Green Sapote

Getting

Looks like what I bought.

Looks like what I bought.

Last July I came across a hard-as-a-baseball, olive-green fruit. It was the size of a small cantaloupe. I bought one.

My wife recalled eating a few of them as a small child, and didn’t like them much.

She would nick the skin and eat them when the layer underneath turned reddish. So, watched, waited and knicked it up from time to time.

Eating

ripe green sapote

It didn’t take long.

Three days later, the knife met the fruit revealing a soft reddish-orange interior and a large and uniquely strange seed.

And oh my! Do you remember when you mother or grandmother prepared the holiday yam dish?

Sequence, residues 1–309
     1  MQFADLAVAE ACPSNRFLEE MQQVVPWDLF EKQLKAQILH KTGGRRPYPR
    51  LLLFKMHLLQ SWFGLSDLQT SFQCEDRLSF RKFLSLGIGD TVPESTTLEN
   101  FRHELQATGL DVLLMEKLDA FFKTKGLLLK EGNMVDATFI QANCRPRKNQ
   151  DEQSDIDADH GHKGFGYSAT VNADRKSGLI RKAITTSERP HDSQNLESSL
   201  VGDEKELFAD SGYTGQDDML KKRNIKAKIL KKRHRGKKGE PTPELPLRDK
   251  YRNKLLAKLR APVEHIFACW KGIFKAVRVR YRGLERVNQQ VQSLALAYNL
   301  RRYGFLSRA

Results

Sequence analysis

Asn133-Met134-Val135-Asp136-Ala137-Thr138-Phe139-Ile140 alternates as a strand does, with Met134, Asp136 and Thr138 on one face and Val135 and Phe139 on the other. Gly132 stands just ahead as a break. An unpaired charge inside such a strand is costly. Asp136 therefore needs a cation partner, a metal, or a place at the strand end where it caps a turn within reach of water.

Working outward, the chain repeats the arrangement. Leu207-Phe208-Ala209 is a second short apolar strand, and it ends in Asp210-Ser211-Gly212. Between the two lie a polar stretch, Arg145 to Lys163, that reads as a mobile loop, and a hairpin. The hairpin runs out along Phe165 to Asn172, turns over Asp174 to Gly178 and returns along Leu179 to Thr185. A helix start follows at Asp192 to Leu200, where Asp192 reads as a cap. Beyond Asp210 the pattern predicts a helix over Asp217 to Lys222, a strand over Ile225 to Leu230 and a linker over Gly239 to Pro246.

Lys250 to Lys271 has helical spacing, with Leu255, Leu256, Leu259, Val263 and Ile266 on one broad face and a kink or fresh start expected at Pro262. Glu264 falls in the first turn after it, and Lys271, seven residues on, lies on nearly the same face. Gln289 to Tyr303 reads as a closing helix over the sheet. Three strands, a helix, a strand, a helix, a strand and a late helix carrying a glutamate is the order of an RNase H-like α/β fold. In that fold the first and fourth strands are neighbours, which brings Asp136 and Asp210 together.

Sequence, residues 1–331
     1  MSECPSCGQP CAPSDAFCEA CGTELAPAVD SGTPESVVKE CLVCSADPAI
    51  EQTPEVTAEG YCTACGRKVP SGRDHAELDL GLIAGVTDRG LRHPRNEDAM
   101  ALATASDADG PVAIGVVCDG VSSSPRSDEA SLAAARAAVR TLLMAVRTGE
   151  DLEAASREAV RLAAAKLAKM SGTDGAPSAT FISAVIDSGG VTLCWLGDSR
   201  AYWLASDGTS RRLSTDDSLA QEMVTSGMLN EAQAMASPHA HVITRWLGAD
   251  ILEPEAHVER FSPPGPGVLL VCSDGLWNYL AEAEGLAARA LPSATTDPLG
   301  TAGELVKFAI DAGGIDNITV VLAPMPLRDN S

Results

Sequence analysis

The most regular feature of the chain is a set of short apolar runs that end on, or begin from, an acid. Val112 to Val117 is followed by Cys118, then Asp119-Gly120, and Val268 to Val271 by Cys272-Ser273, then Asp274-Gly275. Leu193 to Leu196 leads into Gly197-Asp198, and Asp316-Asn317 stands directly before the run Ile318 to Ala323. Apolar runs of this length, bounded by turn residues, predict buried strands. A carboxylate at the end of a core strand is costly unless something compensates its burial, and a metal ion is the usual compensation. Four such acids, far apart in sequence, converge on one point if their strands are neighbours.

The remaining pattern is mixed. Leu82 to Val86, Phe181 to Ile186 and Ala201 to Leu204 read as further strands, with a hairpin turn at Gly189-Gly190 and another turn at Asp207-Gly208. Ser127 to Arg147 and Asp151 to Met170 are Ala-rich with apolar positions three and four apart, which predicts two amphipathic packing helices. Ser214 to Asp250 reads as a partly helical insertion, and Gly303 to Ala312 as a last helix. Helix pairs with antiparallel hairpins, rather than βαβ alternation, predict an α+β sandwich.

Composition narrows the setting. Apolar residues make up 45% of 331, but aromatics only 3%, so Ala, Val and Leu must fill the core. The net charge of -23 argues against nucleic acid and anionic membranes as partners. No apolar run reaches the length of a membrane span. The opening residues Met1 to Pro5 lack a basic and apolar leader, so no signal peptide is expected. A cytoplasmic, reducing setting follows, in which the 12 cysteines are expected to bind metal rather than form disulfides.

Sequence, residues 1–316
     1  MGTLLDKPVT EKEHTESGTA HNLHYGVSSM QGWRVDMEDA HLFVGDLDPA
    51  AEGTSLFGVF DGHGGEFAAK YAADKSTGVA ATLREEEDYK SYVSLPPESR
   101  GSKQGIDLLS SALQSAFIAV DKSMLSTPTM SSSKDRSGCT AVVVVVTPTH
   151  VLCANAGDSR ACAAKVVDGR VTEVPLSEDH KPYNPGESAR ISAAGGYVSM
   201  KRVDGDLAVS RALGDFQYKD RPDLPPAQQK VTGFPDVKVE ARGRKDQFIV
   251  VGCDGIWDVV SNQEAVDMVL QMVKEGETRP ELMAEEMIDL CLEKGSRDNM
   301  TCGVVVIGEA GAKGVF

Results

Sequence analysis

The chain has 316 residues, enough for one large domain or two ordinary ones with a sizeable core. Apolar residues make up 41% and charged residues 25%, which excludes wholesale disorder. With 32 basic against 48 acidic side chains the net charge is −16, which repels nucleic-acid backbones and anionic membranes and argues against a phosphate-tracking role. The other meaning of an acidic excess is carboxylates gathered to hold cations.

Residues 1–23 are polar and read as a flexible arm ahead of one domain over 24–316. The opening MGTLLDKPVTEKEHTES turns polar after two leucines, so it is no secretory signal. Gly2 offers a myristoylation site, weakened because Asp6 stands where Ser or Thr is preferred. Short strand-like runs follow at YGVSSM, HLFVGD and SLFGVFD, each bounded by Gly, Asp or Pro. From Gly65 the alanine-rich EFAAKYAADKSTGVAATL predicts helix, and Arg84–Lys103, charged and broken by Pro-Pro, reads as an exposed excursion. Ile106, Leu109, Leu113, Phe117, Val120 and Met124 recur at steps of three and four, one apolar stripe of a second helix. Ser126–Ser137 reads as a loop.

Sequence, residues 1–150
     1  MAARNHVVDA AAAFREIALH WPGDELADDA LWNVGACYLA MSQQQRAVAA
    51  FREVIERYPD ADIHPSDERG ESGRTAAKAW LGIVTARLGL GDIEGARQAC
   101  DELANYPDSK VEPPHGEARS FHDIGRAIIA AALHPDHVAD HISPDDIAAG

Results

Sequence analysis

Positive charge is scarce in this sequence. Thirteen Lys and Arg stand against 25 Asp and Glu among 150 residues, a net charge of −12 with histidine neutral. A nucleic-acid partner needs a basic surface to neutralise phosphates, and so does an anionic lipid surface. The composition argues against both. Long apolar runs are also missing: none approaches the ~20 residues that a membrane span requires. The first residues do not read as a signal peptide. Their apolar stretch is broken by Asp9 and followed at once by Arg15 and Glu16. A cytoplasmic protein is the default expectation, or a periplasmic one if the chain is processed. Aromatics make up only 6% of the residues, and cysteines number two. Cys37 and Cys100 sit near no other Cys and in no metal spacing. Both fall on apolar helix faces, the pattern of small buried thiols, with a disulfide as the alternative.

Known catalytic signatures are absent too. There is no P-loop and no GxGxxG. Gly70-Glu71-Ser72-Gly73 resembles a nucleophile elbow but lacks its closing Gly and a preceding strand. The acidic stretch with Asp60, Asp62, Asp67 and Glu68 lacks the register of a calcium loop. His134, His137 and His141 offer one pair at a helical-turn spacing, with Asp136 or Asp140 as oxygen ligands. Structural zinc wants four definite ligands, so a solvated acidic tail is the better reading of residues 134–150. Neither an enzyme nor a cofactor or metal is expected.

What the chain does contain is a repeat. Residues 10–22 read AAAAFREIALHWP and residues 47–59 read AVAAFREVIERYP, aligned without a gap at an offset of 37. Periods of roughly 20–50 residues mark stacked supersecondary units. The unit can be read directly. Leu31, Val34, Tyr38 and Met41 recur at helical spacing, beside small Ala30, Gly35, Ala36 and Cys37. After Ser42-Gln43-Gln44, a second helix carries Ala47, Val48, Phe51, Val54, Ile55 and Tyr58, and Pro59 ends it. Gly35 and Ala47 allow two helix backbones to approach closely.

Those yams would be wallowing in a deep baking dish, primed with brown sugar. Sometimes basted with 7-up. And then often topped off with marshmallows.

And who could forget the pumpkin pie filling!

Now, imagine mixing both of them together.  That’s how this fruit tasted! It was so sweet it’s almost illegal and maybe even sinful in some circles.

That’s why a certain girl, so long ago, disliked them. They were just way too sweet. But that’s something that a certain young, sugar-bowl-raiding boy that I know well, couldn’t comprehend .

Growing

What to do with that seed? Plant it of course. Here’s how the Green Sapote sprouted and grew over  4 months.

The Green Sapote is a beautiful plant. And it’s the sweetest, most unique fruit I’ve ever eaten.

-dBguy

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